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Beckert v. Risberg

JUNE 18, 1964.

ANDREW BECKERT, A MINOR, BY GERMAINE BECKERT, HIS MOTHER AND NEXT FRIEND, PLAINTIFF-APPELLEE,

v.

L.C. RISBERG, DEFENDANT-APPELLANT.



Appeal from the Municipal Court of Oak Park; the Hon. THOMAS BARRETT, Judge, presiding. Reversed and remanded.

MR. JUSTICE SULLIVAN DELIVERED THE OPINION OF THE COURT.

Rehearing denied July 23, 1964.

This is an action to recover damages for injuries inflicted upon the plaintiff by the defendant's dog. On April 3, 1963, plaintiff filed an amended complaint, the first count of which alleged that on or about May 14, 1961, the defendant, L.C. Risberg, was the owner of a dog, and the plaintiff, Andrew Beckert, was a minor of the age of three years and was incapable of committing contributory negligence. That on said date at or near 1130 S. Scoville Avenue in the Village of Oak Park, County of Cook, State of Illinois, said dog, without provocation, attacked the plaintiff causing divers injuries. That the defendant, L.C. Risberg, was guilty of not taking proper precautions to prevent injuries by his said dog and was liable for plaintiff's injuries under the provisions of ch 8, sec 12(d), Ill. Rev Stats, 1959. This count also charged a violation of a village ordinance, but the evidence failed to substantiate such violation. Count two added an allegation of negligence in that defendant, L.C. Risberg, failed to keep his dog properly secured. Plaintiff asked for thirty thousand ($30,000) dollars damages.

Defendant's answer, filed April 15, 1963, was in the nature of a general denial and, in addition, charged that if any injury was sustained by the plaintiff, it was "the proximate result of his own carelessness and negligence."

Defendant moved for a directed verdict at the close of plaintiff's case and again at the close of all the evidence. Plaintiff also moved for a directed verdict at the close of all the evidence. All of the above motions were denied, and the jury returned a verdict against defendant in the sum of nine thousand five hundred ($9,500) dollars with judgment being entered upon the verdict on June 19, 1963.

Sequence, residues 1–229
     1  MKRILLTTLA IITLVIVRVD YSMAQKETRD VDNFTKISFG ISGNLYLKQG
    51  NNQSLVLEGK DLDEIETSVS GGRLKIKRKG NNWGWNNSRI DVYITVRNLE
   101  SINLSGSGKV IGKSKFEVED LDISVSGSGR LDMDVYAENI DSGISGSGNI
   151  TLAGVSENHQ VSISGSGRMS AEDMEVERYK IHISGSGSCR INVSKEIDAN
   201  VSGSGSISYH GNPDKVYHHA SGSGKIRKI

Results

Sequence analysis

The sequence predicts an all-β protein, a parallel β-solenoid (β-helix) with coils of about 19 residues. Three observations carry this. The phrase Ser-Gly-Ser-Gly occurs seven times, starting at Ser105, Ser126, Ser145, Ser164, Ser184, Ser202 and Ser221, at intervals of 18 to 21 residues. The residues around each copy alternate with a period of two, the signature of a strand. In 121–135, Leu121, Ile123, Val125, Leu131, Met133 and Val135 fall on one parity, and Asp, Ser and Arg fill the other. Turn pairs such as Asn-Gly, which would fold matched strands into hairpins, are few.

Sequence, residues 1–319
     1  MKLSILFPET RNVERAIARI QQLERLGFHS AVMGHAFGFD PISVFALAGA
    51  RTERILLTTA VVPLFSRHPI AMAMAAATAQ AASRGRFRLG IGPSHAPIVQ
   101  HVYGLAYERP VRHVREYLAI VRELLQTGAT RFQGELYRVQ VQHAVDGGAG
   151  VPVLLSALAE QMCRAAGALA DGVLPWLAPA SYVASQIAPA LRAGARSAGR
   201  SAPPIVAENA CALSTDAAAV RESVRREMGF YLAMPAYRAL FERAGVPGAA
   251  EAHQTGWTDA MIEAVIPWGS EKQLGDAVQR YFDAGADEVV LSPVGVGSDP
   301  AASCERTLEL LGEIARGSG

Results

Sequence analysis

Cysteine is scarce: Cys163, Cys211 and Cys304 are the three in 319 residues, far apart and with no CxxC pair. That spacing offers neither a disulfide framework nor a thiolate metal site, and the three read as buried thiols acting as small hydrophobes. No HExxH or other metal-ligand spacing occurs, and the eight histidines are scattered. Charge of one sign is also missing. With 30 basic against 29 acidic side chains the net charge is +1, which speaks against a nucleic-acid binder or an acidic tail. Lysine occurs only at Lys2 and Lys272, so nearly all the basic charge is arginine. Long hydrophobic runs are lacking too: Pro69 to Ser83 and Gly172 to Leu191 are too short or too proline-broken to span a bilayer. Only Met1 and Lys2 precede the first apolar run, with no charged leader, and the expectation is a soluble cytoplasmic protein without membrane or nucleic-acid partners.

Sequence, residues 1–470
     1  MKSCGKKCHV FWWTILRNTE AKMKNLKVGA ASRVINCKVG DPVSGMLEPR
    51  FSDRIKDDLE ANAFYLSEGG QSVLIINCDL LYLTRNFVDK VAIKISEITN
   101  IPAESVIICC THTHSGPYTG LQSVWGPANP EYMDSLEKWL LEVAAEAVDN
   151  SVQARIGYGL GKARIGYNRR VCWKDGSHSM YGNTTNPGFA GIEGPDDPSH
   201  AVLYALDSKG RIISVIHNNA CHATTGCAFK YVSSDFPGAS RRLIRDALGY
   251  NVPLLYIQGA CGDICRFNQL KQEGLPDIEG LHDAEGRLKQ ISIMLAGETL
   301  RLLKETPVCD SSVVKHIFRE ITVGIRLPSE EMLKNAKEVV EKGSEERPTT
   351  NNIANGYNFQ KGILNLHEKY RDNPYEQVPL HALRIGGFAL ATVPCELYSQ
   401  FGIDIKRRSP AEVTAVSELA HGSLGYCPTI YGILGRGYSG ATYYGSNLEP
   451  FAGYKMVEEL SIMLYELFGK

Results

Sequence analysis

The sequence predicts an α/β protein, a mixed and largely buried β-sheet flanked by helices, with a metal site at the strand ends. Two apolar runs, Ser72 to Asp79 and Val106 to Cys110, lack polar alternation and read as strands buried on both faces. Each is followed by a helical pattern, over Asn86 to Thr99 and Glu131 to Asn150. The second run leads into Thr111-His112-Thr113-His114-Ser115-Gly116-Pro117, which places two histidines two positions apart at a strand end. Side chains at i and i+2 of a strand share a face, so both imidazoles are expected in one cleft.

Defendant thereafter filed his post-trial motion which was denied on July 13, 1963.

Defendant appealed from the final judgment in this case praying for judgment notwithstanding the verdict, or, in the alternative, for a new trial.

Defendant's first contention is that it was error to give the following plaintiff's instruction in the language of the statute:

The court instructs the jury that as a matter of law that there was in force and effect at the time of the incident in the State of Illinois a statute which states as follows: If a dog without provocation attacks or injures a person who is peaceably conducting himself in any place where he may lawfully be, the owner of the dog is liable in damages to the person so attacked or injured to the full amount of the injury sustained. The term "owner" includes any person harboring or keeping a dog. The term "dog" includes both male and female of the canine species.

Defendant relies on Supreme Court Rule 25-1 (a) (c 110, § 101.25-1, Ill. Rev Stats 1961) in support of his contention. That rule reads as follows:

Whenever Illinois Pattern Jury Instructions (IPI) contains an instruction applicable in a civil case giving due consideration to the facts and the prevailing law, and the court determines that the jury should be instructed on the subject, the IPI instruction shall be used, unless the court determines that it does not accurately state the law. . . . (Emphasis supplied.)

The following IPI instruction (promulgated prior to trial in the instant case) was not given.

At the time of this occurrence there was in force in Illinois a statute governing the responsibility of one owning, keeping or harboring a dog. That statute provides that (the owner of a dog) (a person keeping a dog) (a person harboring a dog) is liable in damages for injuries sustained from an attack or injury by the dog on a person peacefully conducting himself in a place where he may lawfully be (unless that person knew of the presence of a dog and did something a reasonable person should have known would be likely to provoke a dog to attack or injure him) (unless that person knew of the presence of a dog and the unusual and ...


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